The Knarr Field: a new development at the northern edge of the North Sea
Silje S. Skarpeid, James M. Churchill, Jamie P. J. Hilton, Chris N. Izatt, Matthew T. Poole, 2018. "The Knarr Field: a new development at the northern edge of the North Sea", Petroleum Geology of NW Europe: 50 Years of Learning – Proceedings of the 8th Petroleum Geology Conference, M. Bowman, B. Levell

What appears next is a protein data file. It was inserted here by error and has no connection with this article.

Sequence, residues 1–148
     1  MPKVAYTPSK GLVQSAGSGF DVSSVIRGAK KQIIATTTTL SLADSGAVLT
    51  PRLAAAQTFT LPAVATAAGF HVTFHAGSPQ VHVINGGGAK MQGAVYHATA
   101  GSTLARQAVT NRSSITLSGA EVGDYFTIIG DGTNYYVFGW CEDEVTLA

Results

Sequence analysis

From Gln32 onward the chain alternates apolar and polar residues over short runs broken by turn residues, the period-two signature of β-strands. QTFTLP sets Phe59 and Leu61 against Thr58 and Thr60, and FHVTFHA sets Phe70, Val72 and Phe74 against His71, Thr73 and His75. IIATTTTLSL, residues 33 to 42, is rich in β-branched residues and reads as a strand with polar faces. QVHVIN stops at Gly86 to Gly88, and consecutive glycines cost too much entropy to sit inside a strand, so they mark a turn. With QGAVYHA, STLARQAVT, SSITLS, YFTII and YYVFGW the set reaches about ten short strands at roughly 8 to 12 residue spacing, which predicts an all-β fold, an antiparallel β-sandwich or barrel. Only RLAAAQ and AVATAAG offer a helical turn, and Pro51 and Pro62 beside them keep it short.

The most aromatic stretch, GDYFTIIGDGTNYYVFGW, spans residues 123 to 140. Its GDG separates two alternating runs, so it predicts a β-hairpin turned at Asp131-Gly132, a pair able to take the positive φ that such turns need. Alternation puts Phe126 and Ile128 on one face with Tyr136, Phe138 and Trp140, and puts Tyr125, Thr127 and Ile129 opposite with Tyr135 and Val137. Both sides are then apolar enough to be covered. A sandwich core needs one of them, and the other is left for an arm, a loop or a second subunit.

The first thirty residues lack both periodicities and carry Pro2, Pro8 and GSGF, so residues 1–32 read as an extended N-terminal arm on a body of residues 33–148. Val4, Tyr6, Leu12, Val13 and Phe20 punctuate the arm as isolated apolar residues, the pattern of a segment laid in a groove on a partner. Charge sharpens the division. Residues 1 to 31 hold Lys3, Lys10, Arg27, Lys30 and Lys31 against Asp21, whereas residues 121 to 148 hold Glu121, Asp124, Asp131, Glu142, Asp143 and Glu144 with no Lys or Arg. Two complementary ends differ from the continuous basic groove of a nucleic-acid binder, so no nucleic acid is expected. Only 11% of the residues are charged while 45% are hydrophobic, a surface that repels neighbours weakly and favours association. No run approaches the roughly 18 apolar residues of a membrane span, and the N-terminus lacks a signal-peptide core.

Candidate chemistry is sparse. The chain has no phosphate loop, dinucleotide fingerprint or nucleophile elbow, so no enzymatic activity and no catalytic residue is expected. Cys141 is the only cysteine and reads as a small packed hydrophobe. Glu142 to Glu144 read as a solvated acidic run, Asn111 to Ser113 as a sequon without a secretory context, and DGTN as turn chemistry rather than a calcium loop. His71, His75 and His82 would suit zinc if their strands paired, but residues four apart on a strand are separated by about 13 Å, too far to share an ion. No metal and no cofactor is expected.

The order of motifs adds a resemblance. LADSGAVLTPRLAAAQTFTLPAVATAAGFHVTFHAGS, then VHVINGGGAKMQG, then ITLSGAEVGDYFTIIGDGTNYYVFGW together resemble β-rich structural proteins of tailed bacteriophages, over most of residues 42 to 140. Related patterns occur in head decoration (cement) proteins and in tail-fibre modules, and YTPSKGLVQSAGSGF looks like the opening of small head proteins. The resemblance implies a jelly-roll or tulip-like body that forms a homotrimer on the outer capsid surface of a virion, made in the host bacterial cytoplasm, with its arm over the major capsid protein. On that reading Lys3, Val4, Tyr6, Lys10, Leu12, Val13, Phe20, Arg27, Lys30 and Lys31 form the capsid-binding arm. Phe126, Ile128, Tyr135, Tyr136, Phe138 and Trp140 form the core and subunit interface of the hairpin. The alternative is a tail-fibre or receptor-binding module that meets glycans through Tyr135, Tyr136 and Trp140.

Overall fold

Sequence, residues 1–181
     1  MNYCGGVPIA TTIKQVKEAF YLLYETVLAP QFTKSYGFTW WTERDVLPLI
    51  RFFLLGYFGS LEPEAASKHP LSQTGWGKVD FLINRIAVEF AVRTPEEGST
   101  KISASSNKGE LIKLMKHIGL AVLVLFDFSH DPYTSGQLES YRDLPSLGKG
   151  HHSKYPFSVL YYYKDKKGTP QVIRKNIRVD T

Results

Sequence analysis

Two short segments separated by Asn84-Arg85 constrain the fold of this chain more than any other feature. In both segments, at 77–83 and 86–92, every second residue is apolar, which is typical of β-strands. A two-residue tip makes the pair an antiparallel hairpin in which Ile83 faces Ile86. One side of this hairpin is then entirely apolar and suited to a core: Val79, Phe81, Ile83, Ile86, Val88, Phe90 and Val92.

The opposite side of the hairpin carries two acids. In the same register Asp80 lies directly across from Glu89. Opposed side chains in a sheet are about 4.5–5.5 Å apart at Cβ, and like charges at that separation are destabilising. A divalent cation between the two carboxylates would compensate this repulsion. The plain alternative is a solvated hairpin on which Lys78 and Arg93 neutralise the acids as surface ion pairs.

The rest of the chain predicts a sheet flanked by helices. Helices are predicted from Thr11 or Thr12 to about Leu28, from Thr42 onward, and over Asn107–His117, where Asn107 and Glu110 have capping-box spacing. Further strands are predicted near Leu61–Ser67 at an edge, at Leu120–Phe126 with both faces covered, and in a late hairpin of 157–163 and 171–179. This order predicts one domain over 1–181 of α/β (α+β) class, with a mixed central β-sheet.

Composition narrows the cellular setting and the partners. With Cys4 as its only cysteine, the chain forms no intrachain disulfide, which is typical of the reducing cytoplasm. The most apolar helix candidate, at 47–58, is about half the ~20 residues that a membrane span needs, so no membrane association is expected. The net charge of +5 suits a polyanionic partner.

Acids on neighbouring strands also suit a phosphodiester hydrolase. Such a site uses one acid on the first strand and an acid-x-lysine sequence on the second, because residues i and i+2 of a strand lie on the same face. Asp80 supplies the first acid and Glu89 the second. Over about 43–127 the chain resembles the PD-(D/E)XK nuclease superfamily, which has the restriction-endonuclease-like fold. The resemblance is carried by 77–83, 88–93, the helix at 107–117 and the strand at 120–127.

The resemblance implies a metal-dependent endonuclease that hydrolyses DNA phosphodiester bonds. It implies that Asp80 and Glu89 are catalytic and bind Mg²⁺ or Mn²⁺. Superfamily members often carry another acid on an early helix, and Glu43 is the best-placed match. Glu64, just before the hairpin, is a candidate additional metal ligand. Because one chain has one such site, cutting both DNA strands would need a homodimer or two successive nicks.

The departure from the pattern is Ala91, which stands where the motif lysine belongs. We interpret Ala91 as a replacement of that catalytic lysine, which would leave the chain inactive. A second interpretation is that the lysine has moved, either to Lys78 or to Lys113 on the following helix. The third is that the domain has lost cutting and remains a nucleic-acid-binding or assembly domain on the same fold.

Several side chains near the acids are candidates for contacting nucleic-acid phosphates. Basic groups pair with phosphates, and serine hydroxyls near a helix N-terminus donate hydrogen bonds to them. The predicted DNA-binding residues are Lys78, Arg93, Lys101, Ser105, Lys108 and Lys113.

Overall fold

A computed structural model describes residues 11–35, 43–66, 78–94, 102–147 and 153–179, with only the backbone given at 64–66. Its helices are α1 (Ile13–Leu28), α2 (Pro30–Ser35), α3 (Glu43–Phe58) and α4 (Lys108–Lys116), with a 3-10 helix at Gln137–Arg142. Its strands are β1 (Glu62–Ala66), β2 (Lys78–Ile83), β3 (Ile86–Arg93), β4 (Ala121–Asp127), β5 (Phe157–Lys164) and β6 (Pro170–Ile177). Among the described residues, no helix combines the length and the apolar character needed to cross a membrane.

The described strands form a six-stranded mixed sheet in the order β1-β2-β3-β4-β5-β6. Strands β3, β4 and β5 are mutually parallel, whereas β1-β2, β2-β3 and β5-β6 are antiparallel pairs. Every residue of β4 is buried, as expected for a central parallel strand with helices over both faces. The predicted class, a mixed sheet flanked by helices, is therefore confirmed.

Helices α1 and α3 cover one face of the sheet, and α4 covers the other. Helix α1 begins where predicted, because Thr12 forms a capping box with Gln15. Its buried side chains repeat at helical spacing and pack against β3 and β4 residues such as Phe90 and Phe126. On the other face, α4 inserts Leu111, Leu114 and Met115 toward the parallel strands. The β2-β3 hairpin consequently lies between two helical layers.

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The Knarr Field is located in the northern Norwegian North Sea, beyond the Brent Group delta fairway. Knarr was discovered in 2008 with the Jordbær well, additional resources were added to the field in 2011 with the successful Jordbær Vest well. The field extends over an area of approximately 20 km2. The original oil in place is estimated to be 26 MSm3 (163 MBBL). The reservoir is the Late Pliensbachian Cook Formation and its current burial depth is approximately −3700 m true vertical depth subsea (TVDSS). In Knarr, the Cook Formation is split into five sandstones that are separated by four shale intervals which can be correlated across the field. The three lower sands (Lower Cook) are interpreted to have been deposited in a tidally-dominated environment, while the upper two sandstones (Upper Cook) were deposited in a wave-dominated shallow-marine setting. The reservoir properties of the Cook Formation in the Knarr area are remarkably good for a reservoir at this depth, with porosities up to 28% and permeabilities in excess of 1 D. The good reservoir properties are the result of grain-coating chlorite, which has inhibited diagenetic quartz development. The field is developed with three oil producers and three water injectors produced via a floating production storage and offloading vessel (FPSO). First oil was achieved in March 2015.